PCC encompasses all aspects of care; however, mealtimes were purposefully selected as a focus for our study because mealtimes are concrete, regular, frequent, and discrete events that, when designed in a person-centred way, can have positive outcomes for both care staff members and residents. Research demonstrates that training is needed to support mealtimes with a person-centred, social focus (Reimer and Keller, 2009; Murphy et al., 2017; Ducak et al., 2015); this training needs to emphasize the importance of the social aspects of meals (e.g., communicating with residents in an affective, or personal, way that promotes relationships) (Reimer and Keller, 2009). The CHOICE educational program helps to address these training needs and is based on evidence to support relationship centred-dining in LTC settings (Wu et al., 2018). The ‘best practice’ principles of the CHOICE educational program include Connecting, Honouring Dignity, Offering Support, Identity, Creating Opportunities and Enjoyment (Wu et al., 2018).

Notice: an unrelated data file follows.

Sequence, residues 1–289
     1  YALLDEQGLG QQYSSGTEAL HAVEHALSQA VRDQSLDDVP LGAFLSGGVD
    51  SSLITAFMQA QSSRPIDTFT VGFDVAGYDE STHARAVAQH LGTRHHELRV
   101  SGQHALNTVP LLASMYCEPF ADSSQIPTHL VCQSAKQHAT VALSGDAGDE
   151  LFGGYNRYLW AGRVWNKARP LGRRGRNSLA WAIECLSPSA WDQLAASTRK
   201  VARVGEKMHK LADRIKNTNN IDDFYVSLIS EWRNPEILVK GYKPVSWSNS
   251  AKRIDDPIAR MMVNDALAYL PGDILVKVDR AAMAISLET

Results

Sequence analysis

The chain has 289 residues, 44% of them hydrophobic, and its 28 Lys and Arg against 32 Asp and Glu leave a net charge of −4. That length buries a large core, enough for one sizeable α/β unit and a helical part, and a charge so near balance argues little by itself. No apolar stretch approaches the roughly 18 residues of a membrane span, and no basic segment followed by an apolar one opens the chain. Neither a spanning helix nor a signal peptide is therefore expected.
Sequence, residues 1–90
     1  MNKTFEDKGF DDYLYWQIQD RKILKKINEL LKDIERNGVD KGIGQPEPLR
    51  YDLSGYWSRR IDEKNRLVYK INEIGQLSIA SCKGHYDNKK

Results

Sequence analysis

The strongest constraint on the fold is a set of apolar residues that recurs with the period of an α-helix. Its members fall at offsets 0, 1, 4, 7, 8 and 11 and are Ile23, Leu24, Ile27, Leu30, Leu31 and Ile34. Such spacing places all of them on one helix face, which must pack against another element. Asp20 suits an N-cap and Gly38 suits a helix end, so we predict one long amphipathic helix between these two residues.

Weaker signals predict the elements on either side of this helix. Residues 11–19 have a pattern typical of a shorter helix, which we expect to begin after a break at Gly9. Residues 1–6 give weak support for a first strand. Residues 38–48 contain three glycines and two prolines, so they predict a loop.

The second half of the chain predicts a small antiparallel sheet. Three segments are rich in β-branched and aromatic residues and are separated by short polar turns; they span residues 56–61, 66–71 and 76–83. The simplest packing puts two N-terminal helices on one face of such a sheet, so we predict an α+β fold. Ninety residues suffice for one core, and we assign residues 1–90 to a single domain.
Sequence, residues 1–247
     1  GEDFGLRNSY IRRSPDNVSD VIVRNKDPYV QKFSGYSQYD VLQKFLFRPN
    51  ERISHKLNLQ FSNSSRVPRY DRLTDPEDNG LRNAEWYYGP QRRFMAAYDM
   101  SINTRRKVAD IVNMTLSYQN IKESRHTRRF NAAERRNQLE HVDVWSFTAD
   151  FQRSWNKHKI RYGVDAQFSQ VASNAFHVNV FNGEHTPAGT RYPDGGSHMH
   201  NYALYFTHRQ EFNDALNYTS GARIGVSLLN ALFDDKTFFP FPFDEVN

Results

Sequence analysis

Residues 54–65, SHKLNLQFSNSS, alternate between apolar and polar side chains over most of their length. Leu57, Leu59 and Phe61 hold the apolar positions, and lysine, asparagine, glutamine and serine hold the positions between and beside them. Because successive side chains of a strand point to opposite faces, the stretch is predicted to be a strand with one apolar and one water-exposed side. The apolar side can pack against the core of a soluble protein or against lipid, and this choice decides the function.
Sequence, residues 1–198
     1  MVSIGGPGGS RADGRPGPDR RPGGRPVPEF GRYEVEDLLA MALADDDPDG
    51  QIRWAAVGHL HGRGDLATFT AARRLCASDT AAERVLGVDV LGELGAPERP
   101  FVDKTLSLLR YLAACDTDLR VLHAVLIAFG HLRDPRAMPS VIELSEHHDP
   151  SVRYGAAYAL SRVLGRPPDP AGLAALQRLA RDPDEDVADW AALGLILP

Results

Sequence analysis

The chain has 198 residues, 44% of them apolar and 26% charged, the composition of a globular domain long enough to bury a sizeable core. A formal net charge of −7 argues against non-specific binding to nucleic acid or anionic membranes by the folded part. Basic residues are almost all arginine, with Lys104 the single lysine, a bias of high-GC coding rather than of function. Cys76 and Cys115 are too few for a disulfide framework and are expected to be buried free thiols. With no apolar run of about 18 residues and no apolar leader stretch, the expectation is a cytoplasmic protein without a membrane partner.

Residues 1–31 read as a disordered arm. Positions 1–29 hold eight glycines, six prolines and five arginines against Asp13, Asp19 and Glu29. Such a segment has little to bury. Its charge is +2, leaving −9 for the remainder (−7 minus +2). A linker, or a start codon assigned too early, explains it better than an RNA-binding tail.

It is widely recognized that providing education alone is rarely effective in producing actual change in practice (Caspar, et al., 2017; Aylward et al., 2003; Kuske et al., 2007; Nolan et al., 2008). Thus, for this project, we used the FASCCI model to support the successful implementation of the CHOICE best practice principles into everyday mealtime care practices. The FASCCI model for change has 12 steps for implementation, and draws significantly from the Model for Improvement developed by Langley et al., (2009). See Table 1. The FASCCI model adds two key features that are not included in the Model for Improvement. The first is the provision of responsive leadership training (Caspar et al., 2017a) to team leaders who, in this study, were Licensed Practical Nurses (LPNs, i.e., care staff members who have received a 2-year diploma in nursing) working at the selected LTC home. This training was added because research demonstrates that supportive and positive leadership practices play a fundamental role in the transfer and sustained use of best practice guidelines in clinical decision making (Clarke and Marks-Maran, 2014; Gifford et al., 2006) and empowers health care aides (HCAs, their equivalent in the US would be a certified nursing assistant) to provide person-centered care for residents who have dementia (Caspar et al., 2017a; Caspar et al, 2017b; Ericson-Lidman et al., 2013).